Next, add the ShoppingCartViewModel class in the ViewModels folder. It has two properties: a list of Cart items, and a decimal value to hold the total price for all items in the cart. using System.Collections.Generic; using MvcMusicStore.Models; namespace MvcMusicStore.ViewModels { public class ShoppingCartViewModel

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{ public List<Cart> CartItems { get; set; } public decimal CartTotal { get; set; } } }

Now add the ShoppingCartRemoveViewModel to the ViewModels folder, with the following four properties. namespace MvcMusicStore.ViewModels { public class ShoppingCartRemoveViewModel { public string Message { get; set; } public decimal CartTotal { get; set; } public int CartCount { get; set; } public int ItemCount { get; set; } public int DeleteId { get; set; } } }

The Shopping Cart Controller The Shopping Cart controller has three main purposes: adding items to a cart, removing items from the cart, and viewing items in the cart. It will make use of the three classes we just created: ShoppingCartViewModel, ShoppingCartRemoveViewModel, and ShoppingCart. As in the StoreController and StoreManagerController, weâ&#x20AC;&#x2122;ll add a field to hold an instance of MusicStoreEntities. Add a new Shopping Cart controller to the project using the Empty controller template.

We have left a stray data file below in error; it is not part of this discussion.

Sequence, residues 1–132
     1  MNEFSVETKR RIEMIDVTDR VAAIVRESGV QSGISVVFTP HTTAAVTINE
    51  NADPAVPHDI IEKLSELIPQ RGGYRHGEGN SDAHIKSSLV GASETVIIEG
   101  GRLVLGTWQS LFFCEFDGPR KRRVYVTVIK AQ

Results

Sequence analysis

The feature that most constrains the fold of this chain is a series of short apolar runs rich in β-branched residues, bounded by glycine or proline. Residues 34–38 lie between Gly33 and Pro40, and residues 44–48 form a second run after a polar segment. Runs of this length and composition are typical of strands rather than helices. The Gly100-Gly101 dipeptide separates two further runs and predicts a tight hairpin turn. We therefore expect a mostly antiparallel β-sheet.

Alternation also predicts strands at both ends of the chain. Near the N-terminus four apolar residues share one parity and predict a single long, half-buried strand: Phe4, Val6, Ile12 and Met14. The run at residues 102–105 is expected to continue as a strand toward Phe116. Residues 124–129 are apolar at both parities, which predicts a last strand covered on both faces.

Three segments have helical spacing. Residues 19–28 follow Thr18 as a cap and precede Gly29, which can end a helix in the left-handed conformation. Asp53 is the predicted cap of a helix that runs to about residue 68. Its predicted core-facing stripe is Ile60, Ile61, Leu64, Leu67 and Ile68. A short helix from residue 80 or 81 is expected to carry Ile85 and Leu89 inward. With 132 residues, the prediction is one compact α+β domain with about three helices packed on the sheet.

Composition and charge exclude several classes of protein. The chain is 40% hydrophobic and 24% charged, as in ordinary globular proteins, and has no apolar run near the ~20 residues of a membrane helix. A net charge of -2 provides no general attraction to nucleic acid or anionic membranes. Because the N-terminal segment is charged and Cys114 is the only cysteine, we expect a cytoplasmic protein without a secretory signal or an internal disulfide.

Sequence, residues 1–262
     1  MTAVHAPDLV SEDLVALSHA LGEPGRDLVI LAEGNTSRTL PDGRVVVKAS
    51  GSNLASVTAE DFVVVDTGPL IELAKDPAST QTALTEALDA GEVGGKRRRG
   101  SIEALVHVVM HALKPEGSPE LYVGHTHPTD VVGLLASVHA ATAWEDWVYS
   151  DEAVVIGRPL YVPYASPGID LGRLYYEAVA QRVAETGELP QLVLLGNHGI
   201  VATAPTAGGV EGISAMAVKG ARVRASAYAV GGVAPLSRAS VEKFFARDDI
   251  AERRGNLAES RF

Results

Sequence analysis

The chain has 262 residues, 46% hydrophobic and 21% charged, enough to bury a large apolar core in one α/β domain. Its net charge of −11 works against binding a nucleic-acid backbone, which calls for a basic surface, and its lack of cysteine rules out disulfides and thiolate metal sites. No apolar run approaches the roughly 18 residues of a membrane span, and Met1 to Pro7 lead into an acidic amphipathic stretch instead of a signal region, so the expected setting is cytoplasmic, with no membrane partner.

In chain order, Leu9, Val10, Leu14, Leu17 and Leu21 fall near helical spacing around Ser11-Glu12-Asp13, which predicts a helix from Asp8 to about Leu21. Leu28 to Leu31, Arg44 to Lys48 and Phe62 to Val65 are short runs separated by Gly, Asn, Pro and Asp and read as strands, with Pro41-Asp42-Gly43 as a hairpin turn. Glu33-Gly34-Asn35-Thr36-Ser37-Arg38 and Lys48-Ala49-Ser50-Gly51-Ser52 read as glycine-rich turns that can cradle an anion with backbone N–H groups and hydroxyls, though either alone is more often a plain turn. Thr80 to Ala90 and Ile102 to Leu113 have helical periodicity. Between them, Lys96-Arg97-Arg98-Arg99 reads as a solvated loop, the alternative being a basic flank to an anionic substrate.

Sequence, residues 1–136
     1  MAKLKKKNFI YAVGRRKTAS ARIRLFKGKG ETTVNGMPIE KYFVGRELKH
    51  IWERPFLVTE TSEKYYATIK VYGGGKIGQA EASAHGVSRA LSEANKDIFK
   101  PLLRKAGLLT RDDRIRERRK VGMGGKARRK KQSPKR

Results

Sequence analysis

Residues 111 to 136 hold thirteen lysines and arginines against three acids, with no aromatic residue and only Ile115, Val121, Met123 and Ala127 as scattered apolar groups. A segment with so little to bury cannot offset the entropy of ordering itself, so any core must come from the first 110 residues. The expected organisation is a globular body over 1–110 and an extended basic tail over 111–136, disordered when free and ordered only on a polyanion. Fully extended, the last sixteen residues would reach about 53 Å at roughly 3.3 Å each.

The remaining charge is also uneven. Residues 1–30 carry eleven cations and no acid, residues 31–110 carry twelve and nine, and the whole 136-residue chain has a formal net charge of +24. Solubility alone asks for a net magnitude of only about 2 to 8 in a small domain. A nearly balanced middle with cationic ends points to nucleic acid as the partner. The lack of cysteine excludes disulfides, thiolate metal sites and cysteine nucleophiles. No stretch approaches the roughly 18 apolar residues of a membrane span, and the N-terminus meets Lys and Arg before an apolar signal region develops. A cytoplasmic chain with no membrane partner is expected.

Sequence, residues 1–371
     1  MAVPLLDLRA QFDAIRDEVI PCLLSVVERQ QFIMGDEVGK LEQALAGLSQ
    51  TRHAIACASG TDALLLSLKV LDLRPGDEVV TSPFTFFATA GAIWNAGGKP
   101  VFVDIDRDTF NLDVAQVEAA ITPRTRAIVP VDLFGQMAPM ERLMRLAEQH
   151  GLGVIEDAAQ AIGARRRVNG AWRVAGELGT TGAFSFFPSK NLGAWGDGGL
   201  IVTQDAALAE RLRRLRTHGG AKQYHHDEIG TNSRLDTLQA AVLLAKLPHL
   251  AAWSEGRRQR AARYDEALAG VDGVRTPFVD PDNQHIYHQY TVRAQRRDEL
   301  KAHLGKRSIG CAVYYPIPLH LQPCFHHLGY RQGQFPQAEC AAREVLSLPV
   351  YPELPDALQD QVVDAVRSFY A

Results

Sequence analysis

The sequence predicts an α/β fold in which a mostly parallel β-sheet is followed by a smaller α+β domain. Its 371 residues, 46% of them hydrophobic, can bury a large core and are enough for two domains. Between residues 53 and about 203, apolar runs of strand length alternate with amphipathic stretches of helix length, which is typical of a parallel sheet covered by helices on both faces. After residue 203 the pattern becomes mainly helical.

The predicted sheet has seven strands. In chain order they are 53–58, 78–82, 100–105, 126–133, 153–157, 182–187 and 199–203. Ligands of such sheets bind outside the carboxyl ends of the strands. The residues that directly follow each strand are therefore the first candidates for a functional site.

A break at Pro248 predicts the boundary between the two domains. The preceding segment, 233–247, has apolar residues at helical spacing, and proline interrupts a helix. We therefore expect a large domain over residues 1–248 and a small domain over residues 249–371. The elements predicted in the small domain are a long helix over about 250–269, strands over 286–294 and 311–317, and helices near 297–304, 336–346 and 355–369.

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Here’s the complete ShoppingCart Controller. The Index and Add Controller actions should look very familiar. The Remove and CartSummary controller actions handle two special cases, which we’ll discuss in the following section. using using using using

System.Linq; System.Web.Mvc; MvcMusicStore.Models; MvcMusicStore.ViewModels;

namespace MvcMusicStore.Controllers { public class ShoppingCartController : Controller { MusicStoreEntities storeDB = new MusicStoreEntities(); // // GET: /ShoppingCart/ public ActionResult Index() { var cart = ShoppingCart.GetCart(this.HttpContext); // Set up our var viewModel { CartItems CartTotal };

ViewModel = new ShoppingCartViewModel = cart.GetCartItems(), = cart.GetTotal()

// Return the view return View(viewModel); } // // GET: /Store/AddToCart/5 public ActionResult AddToCart(int id) { // Retrieve the album from the database var addedAlbum = storeDB.Albums .Single(album => album.AlbumId == id); // Add it to the shopping cart var cart = ShoppingCart.GetCart(this.HttpContext); cart.AddToCart(addedAlbum); // Go back to the main store page for more shopping return RedirectToAction("Index"); } // // AJAX: /ShoppingCart/RemoveFromCart/5